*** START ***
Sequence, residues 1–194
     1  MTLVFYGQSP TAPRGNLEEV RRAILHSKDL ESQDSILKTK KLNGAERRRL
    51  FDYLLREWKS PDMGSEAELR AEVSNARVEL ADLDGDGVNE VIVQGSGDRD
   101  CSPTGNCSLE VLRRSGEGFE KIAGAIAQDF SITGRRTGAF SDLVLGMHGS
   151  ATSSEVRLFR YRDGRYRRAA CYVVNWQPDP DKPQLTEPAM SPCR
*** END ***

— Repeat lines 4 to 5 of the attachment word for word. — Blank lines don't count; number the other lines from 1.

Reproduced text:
   101  CSPTGNCSLE VLRRSGEGFE KIAGAIAQDF SITGRRTGAF SDLVLGMHGS
   151  ATSSEVRLFR YRDGRYRRAA CYVVNWQPDP DKPQLTEPAM SPCR